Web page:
In my own personal opinion, True/Slant is the best of both worlds: a blend of communication with the public and responsible journalism. We live in a society today that is based on interactive media. Everyone has an opinion on everything, and each individual is not afraid to publicly display these opinions, both positive or negative, on the Internet by means of social media and blogging. However, True/Slant gives us, as public relations professionals, a chance to give our opinions to the interested public and maybe even get a fresh point of view, or see something we overlooked, and make adjustments accordingly and increase out successes. I think the quote by Dvorkin about the mission of True/Slant is evidence enough that this is a credible endeavor in which each public relations professional should be involved. We will finally have an outlet to describe what an organization is doing, or what they are all about, in depth and get almost instant responses. This will be extremely helpful for other professions as well, especially marketers. Not only does it benefit organizations and businesses, however, it will be a wise opportunity for educated individuals to see the opinions of their favorite journalists firsthand. I think that you are right, that we should work in both the free and paid sides of True/Slant, and you make a very valid point that we can help reporters get publicity and attention for stories that may still be of public interest but not getting space elsewhere. True/Slant is a great opportunity and blend of social media and journalism and would be a great outlet for many organizations in this digital age we live in today.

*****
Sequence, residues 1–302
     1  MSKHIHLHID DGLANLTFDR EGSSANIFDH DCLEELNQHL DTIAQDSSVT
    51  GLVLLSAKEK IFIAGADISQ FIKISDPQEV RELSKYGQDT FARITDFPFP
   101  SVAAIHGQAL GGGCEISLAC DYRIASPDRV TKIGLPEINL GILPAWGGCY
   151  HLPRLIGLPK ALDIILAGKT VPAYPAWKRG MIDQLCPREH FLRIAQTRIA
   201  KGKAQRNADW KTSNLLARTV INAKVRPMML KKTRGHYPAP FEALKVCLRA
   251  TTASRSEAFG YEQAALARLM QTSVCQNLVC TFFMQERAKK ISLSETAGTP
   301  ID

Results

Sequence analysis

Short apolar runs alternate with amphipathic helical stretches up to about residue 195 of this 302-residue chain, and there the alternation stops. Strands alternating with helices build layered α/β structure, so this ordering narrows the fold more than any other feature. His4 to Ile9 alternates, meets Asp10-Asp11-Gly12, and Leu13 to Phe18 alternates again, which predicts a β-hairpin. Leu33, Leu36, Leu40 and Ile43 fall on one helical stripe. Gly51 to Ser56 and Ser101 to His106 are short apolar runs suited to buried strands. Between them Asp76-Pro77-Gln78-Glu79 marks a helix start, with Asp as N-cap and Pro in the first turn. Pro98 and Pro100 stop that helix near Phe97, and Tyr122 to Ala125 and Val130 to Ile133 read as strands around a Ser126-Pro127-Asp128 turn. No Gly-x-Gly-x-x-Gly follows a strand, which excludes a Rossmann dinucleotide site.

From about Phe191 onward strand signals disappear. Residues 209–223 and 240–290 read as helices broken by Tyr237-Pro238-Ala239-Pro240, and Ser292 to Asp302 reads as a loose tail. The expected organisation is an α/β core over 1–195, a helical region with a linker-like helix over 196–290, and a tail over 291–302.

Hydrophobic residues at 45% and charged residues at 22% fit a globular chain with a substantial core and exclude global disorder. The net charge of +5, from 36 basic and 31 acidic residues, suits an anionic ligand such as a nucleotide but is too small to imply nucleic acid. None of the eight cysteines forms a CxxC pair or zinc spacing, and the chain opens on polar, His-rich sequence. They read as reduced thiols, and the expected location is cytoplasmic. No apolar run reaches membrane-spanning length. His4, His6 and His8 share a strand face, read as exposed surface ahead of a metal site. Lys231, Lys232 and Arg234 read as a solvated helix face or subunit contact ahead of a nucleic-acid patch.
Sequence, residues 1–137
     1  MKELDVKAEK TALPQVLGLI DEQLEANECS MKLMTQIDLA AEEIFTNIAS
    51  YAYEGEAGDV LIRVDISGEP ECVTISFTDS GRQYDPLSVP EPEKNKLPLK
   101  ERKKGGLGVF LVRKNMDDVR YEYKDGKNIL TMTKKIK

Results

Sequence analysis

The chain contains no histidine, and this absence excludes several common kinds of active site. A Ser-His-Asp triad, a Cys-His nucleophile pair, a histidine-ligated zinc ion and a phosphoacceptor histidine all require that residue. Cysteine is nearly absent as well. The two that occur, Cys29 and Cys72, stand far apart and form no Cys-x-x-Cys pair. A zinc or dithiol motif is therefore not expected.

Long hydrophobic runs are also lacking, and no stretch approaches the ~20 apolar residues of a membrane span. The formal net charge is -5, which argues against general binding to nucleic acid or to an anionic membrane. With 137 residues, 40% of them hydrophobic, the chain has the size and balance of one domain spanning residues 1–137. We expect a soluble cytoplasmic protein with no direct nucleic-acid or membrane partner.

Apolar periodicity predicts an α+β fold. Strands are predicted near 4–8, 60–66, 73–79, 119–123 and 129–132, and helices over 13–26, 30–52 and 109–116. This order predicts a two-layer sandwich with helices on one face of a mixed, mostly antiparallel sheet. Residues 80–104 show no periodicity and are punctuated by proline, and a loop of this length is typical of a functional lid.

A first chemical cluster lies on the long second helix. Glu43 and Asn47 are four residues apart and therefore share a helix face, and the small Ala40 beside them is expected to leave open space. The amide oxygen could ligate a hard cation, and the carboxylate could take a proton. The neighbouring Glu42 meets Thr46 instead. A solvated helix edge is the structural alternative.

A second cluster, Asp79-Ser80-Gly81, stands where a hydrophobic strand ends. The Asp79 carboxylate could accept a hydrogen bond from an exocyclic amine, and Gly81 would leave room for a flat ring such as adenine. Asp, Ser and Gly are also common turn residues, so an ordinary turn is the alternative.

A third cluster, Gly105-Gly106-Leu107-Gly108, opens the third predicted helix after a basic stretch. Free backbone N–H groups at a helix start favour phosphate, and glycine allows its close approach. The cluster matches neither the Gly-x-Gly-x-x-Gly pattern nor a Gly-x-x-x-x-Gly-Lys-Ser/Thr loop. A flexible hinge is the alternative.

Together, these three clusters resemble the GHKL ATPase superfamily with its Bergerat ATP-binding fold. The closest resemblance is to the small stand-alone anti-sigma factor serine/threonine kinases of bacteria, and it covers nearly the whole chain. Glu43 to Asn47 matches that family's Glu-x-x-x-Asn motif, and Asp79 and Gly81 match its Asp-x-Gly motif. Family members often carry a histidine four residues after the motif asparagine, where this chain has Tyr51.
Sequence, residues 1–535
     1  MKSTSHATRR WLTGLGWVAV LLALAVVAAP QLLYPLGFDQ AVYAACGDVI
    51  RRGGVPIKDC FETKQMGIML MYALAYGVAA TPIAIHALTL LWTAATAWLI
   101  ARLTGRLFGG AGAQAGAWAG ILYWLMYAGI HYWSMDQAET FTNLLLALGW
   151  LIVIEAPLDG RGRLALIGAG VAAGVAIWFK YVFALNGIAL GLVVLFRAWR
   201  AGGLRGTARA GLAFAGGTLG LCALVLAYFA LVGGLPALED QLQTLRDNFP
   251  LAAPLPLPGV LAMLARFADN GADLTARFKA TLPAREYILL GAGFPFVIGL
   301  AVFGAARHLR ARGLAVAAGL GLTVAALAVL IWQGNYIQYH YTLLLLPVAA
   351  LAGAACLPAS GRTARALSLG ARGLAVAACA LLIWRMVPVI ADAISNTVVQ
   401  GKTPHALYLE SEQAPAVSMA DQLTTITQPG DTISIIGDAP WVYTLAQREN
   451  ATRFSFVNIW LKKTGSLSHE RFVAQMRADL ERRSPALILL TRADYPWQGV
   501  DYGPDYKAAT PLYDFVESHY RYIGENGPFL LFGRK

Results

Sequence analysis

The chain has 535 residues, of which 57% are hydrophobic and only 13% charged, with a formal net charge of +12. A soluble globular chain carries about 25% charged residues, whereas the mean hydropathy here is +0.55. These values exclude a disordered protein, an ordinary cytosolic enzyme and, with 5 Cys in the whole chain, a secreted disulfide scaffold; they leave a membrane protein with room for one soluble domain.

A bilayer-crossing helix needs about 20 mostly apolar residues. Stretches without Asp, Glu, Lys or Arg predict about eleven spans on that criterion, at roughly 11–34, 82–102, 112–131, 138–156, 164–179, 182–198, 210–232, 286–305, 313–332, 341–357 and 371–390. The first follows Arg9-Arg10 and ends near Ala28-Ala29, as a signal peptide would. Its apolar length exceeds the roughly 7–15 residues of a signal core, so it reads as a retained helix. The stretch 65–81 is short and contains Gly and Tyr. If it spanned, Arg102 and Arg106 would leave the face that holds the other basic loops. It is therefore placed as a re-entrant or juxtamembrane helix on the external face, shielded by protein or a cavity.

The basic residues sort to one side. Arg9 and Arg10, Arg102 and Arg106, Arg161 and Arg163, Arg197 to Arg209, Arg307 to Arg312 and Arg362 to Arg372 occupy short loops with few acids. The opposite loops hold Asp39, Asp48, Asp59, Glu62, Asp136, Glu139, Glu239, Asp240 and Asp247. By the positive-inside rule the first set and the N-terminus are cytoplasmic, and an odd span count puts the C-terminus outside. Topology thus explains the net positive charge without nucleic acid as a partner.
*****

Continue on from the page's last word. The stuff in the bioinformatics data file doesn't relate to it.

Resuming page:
• http://www.strategicguy.blogspot.com Marc Hausman

    Here is more of a message to you, rather than a comment to this particular blog post.